ISIL has grabbed the world’s attention with new levels of barbarism revealed in the scripted murder of the man known throughout the world as “the pilot”. Jordanian Lt. Muath al-Kaseasbeh has become a symbol for moderate Muslims, westerners and all who agree that ISIL must be dealt with for the sake of human decency.

ISIL has evolved into a hybrid entity which cannot be defined by our conventional understanding of terrorism and conflict. ISIL literally presents an enemy which has never been fought against before. It is an entity that is historically relevant because nothing in its likeness has ever existed. It is a terrorist group that is also a conventional army which fights in the style of urban guerrillas. Its’ asymmetrical expertise is matched by its expertise in fielding a conventional standing army of 200,000 trained militants. Despite their lack of statehood they now control expansive swathes of territory. This hybrid nature is matched by a post conflict mastery of the conquered populations under their control. Of note is the ability to quickly and brutally bring order and stability and politically functionality to the towns and cities captured.

Their ambitious cross border reach however, is also their weakness. The wider the spread of conquered territory, the thinner their military coverage along the edge of their control. For ISIL however, borders are existential in nature. The territorial gains are almost incidental.

Their concept of statehood does not conform to conventional understanding of a modern state. Their version of a Salafist Islamic state cannot be measured by modern Westphalian methods. Their vision is to take the world back to the time of the prophet, as they perceive it might have been. State lines become irrelevant because ISIL fighters are fighting for the establishment of a vision: a caliphate. An Islamic nation. This nation does not have a common social culture, born from practice and common agreement, but instead, has a vision of what society should be, which does not yet exist. ISIL Jihadis are attracted to the promise of what is to come, rather than the reality of a shared common culture, beyond this single idea, of a world which has never existed, and which does not, now exist.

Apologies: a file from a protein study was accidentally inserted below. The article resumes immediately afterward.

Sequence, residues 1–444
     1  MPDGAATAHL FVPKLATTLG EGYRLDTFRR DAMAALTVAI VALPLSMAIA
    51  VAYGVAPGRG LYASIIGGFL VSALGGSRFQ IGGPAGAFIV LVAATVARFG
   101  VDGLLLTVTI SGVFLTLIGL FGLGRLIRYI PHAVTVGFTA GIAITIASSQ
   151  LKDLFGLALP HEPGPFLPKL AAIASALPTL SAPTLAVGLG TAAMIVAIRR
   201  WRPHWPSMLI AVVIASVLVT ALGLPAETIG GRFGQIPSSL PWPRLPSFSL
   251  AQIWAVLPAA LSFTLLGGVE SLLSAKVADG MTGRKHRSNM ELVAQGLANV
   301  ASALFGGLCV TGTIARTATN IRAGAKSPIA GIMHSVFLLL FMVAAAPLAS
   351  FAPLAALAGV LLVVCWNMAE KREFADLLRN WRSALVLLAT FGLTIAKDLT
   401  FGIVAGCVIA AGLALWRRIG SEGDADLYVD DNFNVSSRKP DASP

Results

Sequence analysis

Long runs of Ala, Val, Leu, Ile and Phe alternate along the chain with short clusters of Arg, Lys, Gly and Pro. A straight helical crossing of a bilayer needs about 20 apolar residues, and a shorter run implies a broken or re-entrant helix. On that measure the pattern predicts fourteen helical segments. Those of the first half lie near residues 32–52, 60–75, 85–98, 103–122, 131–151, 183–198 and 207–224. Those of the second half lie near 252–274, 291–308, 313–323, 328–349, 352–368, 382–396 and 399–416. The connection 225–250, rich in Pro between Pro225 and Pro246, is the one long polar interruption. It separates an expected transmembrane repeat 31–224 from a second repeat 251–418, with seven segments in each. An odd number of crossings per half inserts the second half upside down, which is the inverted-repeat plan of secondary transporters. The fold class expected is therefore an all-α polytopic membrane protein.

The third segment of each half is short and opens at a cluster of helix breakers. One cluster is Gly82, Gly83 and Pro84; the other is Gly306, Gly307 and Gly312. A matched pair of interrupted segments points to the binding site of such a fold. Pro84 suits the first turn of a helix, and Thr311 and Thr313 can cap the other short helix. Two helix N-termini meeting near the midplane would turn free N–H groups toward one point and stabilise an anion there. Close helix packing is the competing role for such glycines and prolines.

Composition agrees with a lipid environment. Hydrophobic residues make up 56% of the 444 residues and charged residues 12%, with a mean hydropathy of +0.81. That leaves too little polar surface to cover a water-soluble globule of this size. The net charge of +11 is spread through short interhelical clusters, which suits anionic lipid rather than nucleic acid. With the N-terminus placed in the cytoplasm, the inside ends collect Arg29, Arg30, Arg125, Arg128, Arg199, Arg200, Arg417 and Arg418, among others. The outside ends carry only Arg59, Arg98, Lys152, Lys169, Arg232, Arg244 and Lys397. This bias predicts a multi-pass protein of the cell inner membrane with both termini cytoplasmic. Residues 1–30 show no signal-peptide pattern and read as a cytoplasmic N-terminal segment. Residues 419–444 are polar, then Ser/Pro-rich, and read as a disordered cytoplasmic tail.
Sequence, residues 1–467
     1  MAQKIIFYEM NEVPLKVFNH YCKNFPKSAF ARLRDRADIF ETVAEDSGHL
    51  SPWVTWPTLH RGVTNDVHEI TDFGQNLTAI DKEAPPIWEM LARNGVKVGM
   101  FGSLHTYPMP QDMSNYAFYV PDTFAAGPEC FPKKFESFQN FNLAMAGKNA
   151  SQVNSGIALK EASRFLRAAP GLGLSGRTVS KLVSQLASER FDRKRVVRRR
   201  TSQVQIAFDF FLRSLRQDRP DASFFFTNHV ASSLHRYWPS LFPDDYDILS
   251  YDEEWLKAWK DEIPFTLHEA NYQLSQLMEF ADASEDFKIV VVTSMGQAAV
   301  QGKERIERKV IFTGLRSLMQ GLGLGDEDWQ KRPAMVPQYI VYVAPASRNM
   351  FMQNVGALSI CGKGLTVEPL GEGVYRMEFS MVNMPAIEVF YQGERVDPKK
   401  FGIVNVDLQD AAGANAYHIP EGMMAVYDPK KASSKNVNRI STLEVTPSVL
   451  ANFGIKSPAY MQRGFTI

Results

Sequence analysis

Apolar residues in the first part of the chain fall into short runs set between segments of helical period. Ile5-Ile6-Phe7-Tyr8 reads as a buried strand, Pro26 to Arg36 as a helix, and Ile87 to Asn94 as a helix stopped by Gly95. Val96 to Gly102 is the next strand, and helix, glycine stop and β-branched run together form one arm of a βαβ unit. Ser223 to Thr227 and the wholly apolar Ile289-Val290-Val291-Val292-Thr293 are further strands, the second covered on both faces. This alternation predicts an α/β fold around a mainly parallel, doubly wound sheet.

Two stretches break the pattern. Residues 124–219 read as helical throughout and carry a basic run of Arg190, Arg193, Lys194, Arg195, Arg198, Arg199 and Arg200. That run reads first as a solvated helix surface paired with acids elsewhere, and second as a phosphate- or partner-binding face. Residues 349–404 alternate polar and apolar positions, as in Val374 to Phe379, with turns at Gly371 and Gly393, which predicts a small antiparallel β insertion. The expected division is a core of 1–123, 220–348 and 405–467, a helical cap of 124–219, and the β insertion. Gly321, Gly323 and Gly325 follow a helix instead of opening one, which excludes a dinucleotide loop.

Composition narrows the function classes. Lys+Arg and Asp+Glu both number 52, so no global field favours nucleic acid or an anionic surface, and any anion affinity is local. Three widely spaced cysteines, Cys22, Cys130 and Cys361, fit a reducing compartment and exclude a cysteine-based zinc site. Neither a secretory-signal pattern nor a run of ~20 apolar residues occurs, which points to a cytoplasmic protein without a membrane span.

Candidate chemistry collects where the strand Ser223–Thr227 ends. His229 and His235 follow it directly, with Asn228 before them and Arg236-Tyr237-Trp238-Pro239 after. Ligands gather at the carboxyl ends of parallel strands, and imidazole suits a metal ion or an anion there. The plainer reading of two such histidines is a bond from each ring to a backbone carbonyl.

Establishing this identity, the belief in a vision, at all costs, is all that matters. Its appeal is therefore more than state based. This explains its ability to attract thousands of foreign fighters. ISIL therefore, cannot be considered one ethnic group or be confused with having an Islamic ethnic agenda. It is a disparate group made up of fighters from over 70 nations who share a vision, not a culture. Reportedly, this vision does not perceive all fighters as equal. Western foreign fighters are apparently not held in the same regard and are used for suicide missions. It is clear that ISIS does not represent Islam.

There does not seem to be a parallel on this scale at any time in Islamic history where their version of Salafist thought had such access to power, arms and military expertise combined. There has always been friction and tension between different factions, ideologies and schools of thought but ISIL operates on a grand scale and friction and tensions give way to outright brutality and extermination.